|Publication number||US6289590 B1|
|Application number||US 09/297,791|
|Publication date||Sep 18, 2001|
|Filing date||Oct 15, 1997|
|Priority date||Nov 6, 1996|
|Also published as||DE69727066D1, DE69727066T2, DE69727066T3, EP0932772A1, EP0932772B1, EP0932772B2, US20020018605, WO1998020264A1|
|Publication number||09297791, 297791, PCT/1997/2846, PCT/GB/1997/002846, PCT/GB/1997/02846, PCT/GB/97/002846, PCT/GB/97/02846, PCT/GB1997/002846, PCT/GB1997/02846, PCT/GB1997002846, PCT/GB199702846, PCT/GB97/002846, PCT/GB97/02846, PCT/GB97002846, PCT/GB9702846, US 6289590 B1, US 6289590B1, US-B1-6289590, US6289590 B1, US6289590B1|
|Inventors||Julie Ann McDonald|
|Original Assignee||Dana Corporation|
|Export Citation||BiBTeX, EndNote, RefMan|
|Patent Citations (18), Non-Patent Citations (1), Referenced by (8), Classifications (10), Legal Events (9)|
|External Links: USPTO, USPTO Assignment, Espacenet|
This invention is concerned with a method of forming a bearing of the type which comprises a support on which a bearing lining layer is formed. The bearing then presents a plain surface against which a moving member, eg a rotating shaft, can move.
A conventional method (see for example GB 2 279 998 A) of forming a bearing comprises mixing. polytetrafluoroethylene (PTFE) in an aqueous dispersion with a filler, and optionally strengthening fibres and/or other fillers, adding a lubricant to assist in spreading, and adding an aqueous solution of aluminium nitrate or another salt to cause the PTFE to coagulate to form a “mush”. The mush is spread on to a support, eg a sintered bronze layer on a steel backing, and is heated to cure the mush to thereby form it into a bearing lining layer on the support. The bearing lining bearings produced by this method are susceptible to cavitation erosion, ie the tendency for lubrication oil used with the bearing to cause cavities in the lining material. Furthermore, this method has the disadvantage that it involves the use of a significant quantity of lubricant which includes a volatile solvent (toluene is commonly used as the lubricant).
It is an object of the-present invention to provide a method of forming a bearing which results in a bearing with improved cavitation erosion resistance and wear resistance
The invention provides a method of forming a bearing comprising adding an aqueous colloidal dispersion of at least one particulate material to an aqueous dispersion of polytetrafluoroethylene, the method also comprising mixing the dispersions for a period sufficient to allow the polytetrafluoroethylene to coagulate to form a mush, spreading the mush on to a support, and curing the mush to form a bearing lining layer on the support.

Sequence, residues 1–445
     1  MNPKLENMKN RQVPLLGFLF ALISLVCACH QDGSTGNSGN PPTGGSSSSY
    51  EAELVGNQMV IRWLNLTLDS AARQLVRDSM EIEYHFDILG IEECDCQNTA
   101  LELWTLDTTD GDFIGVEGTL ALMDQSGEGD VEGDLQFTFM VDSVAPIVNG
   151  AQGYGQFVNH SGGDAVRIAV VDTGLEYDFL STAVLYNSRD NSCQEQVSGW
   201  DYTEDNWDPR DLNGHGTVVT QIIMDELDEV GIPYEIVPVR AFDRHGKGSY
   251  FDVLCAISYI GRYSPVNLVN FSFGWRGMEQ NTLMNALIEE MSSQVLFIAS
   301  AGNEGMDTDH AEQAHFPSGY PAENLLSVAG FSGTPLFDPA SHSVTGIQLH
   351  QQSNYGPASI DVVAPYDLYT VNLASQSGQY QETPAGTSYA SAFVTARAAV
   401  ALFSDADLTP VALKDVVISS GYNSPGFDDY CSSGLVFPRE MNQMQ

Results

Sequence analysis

In a method according to the invention, the aqueous colloidal dispersion contains small particles which cause the PTFE to coagulate without the addition of aluminium nitrate or another salt. It is believed that the small particles act as seeds around which the PTFE coagulates. Furthermore, it is found that the bearing lining material containing small particles has greater cavitation erosion resistance. In addition, it is found that the method can be carried out using no lubricant or significantly less lubricant than the conventional method (eg less than 1% by volume as opposed to about 10%) and non-volatile lubricants, such as polyol-based lubricants, can be used.
In a method according to the invention, the particles of the particulate material preferably have their median dimension between 1 nanometer and 100 nanometers. Most preferably, the median dimension is between 5 nanometers and 30 nanometers. The particulate material may be selected from the group consisting of metals, metal oxides, metal sulphides, metal fluorides, metal carbonates, metal phosphates and silica. Possibilities include oxides of aluminium, tin, titanium, iron, zinc, copper and lead, metals such as iron, tin, nickel chromium, copper and zinc, sulphides of cadmium, iron, lead, copper and zinc, cadmium carbonate, calcium fluoride, and phosphates of aluminium, cobalt and iron.
In order to increase the strength or other properties, of the bearing lining material, additional fillers may be included in the aqueous dispersion of polytetrafluoroethylene, eg non-colloidal calcium fluoride, fibres of glass or aramid, or lead.
The invention also provides a bearing formed by a method according to the invention, comprising a support which comprises a sintered bronze support, the bearing also comprising a lining layer which is impregnated into the support and stands proud thereof, the lining layer comprising polytetrafluoroethylene in which particulate material is dispersed, characterised in that the particulate material has a median particle dimension of between 1 nanometer and 100 nanometers. The particulate material is preferably alumina.
There now follows a detailed description of an illustrative example in accordance with the invention.